University President Jim Ryan and Medical School alumna Dr. Vivian Pinn, renowned physician and women’s health champion, delivered motivations words at the University’s Sunday evening on the Lawn to incoming first years and transfer students during the opening convocation and Honor induction ceremony.
Ryan told students “when in doubt, build a bridge,” encouraging them to foster deep and lasting connections throughout their time at the University. He also touched on his newness as president, having taken on the role just weeks ago on Aug. 1, though he graduated from the U.Va. School of Law in 1992 and served on the faculty for 15 years.
Ryan said he wants to meet undergraduates during their time on Grounds, emphasizing that they should introduce themselves if they ever see him walking through the University.
“If you see me on the Lawn, I would love all of you to say hi, unless you’re seeing me late at night,” he joked, alluding to the University students’ time-honored tradition of streaking the Lawn before graduation.
Ryan was followed later in the ceremony by Pinn, who said that she has faith in this next generation of “physicians, researchers and policymakers.” She noted that the Class of 2022, with utilization of the right tools, could provide a bright future.
Pinn is a 1967 University School of Medicine graduate, and was the only woman and African-American student in her class. After becoming a physician and feminist activist, Pinn became the first director of the Office of Research on Women’s Health at the National Institutes of Health. She is also the namesake for newly-renovated and renamed Pinn Hall — formerly Jordan Hall for the former Medical School Dean Harvey Jordan, a prominent eugenicist.
Pinn touched on her time at the University in her remarks, noting that she at first “felt very alone and very different” when she arrived on Grounds.
“Then, two classmates who I had never met reached out to me and invited me to join their anatomy lab group,” Pinn said. “It was a gesture of reassurance, that perhaps I could belong at U.Va., that perhaps these guys would help me to do so. I have never forgotten that moment in my life. Small gestures of kindness and outreach can make a difference in a life, as it did for me.”
First-year College student Georgia White said she felt welcomed to the University after the Convocation ceremony.
“Despite the heat, when Convocation came to a close, it was clear the Class of 2022 had arrived and I couldn’t be more excited to start the year with them,” she said.
Convocation ended with a rendition of the “Good Ol’ Song,” the University’s de facto anthem. Many first-year students read the lyrics off of a sheet of paper left in their seat along with a nickel — imprinted with the face of Thomas Jefferson, the University’s founder — provided by the University’s Alumni Association, minted this year.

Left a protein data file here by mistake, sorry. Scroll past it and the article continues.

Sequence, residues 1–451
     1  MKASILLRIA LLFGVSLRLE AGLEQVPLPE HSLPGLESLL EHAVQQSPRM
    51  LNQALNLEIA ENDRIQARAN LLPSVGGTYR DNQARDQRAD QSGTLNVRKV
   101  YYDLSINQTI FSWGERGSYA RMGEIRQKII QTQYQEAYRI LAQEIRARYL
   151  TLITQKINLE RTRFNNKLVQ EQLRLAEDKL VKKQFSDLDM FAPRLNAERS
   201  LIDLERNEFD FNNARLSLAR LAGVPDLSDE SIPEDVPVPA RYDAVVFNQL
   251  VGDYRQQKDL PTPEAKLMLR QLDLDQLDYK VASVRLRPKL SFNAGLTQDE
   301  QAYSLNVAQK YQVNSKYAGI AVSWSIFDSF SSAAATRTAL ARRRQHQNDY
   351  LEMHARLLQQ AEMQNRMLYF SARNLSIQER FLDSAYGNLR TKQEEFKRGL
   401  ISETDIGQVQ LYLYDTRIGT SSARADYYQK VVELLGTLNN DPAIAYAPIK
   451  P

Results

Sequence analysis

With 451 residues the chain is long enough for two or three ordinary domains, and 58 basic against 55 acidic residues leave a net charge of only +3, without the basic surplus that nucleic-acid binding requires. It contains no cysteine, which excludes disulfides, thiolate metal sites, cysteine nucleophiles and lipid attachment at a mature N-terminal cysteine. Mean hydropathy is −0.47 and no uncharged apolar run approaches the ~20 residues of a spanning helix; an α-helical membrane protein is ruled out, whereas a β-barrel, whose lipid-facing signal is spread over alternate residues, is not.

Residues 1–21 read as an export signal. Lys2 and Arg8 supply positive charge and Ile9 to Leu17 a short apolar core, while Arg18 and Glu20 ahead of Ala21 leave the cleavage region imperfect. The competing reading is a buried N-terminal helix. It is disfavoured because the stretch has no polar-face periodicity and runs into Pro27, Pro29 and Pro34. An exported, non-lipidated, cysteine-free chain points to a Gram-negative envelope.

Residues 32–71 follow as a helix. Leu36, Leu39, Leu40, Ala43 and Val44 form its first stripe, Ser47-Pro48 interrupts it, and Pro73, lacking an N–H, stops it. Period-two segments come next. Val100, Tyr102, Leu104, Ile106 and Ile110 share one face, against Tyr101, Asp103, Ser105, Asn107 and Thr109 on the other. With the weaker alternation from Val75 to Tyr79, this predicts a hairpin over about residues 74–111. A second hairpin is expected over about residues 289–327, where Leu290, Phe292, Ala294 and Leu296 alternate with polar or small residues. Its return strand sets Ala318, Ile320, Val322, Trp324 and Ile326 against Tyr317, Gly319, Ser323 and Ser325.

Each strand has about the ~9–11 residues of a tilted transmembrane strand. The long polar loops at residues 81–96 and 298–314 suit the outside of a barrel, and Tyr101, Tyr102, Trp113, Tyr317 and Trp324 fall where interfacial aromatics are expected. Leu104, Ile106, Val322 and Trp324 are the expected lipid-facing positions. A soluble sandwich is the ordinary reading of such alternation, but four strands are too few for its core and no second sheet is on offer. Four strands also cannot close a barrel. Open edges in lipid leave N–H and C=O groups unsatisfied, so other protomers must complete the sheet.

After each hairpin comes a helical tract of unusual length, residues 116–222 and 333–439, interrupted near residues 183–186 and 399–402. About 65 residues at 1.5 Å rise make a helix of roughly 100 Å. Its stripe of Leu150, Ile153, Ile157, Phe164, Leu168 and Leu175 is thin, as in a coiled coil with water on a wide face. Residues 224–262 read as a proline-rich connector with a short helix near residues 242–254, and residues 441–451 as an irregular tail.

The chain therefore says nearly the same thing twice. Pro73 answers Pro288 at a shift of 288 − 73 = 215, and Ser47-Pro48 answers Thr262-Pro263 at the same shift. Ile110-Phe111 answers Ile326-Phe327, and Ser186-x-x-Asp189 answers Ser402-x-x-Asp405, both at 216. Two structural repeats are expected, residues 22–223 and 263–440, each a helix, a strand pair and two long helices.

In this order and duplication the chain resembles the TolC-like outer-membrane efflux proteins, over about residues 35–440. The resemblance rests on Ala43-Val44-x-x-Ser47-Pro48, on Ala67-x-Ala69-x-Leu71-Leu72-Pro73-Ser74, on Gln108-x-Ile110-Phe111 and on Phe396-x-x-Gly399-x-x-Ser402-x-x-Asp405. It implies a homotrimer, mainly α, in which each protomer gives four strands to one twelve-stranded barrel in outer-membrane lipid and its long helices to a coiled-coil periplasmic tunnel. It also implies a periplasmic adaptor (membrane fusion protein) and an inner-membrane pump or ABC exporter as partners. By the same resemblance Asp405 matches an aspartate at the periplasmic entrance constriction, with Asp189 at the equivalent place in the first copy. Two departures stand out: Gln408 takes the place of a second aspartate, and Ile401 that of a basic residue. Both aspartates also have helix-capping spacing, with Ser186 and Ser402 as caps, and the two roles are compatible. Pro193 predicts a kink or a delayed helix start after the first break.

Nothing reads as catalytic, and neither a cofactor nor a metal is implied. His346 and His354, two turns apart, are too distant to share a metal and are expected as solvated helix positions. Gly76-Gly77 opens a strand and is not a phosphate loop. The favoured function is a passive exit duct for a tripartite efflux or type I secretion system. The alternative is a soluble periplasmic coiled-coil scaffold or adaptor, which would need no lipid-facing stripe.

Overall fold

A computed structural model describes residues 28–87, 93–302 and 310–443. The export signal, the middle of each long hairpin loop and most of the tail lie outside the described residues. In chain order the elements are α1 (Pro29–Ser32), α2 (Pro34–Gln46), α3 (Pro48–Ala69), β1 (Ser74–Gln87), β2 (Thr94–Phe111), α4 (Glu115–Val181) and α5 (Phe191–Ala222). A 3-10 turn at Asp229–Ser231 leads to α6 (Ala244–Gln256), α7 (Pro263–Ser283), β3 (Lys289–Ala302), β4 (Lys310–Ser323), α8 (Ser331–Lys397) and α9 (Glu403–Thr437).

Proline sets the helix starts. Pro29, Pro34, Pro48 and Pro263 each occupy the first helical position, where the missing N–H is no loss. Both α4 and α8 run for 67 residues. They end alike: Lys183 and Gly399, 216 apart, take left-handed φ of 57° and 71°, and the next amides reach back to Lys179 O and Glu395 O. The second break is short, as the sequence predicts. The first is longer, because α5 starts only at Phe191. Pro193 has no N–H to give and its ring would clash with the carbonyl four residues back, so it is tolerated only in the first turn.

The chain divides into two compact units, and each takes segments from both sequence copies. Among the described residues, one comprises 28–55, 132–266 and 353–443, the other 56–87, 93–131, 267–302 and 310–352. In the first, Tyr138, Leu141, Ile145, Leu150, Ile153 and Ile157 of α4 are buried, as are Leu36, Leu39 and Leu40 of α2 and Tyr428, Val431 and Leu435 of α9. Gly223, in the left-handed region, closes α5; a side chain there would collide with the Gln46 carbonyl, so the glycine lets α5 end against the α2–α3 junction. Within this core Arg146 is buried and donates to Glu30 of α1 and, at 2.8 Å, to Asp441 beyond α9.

Alex Cintron, a fourth-year College student and Student Council president, and Kevin Warshaw, a fourth-year Engineering student and University Judiciary Committee chair, also spoke at Saturday’s ceremony.
Cintron highlighted the importance of student self-governance to the University, stating that it is “not just about committees and organizations.”
“It’s about being there for each other. Being a good friend. Picking someone up when they are down. Knowing that you belong here and you get to define what your place here will be,” he said.
At the close of the ceremonies, students were invited to sign the honor pledge on the Lawn, committing themselves to the standard of honor and integrity that the University upholds. By writing their names, the students promise never to lie, cheat or steal during their time on Grounds.
Medical student and Honor Committee Chair Ory Streeter provided a few words about what the honor code meant to him as a member of the University community.
“The Honor Code is a bridge for our future, part of the ethical training that encourages us to practice a purposeful existence,” he said.
Kieran McMahon, a first-year College student that signed the Honor scroll after attending Convocation, said that the act was a “cool way to feel connected to the community as a whole,” and that it made her excited about “all the new experiences and relationships these next few years will bring.”
Caelan Shawyer, a first-year College student from Norfolk, said that “it wasn’t until attending convocation that [he] realized the special kind of university” that he’d be attending this Fall semester.
“Through the introductions and charismatic speeches given by the University officials, I realized how lucky I was to be attending a university with such a rich history and amazing dedicated professors,” Shawyer said.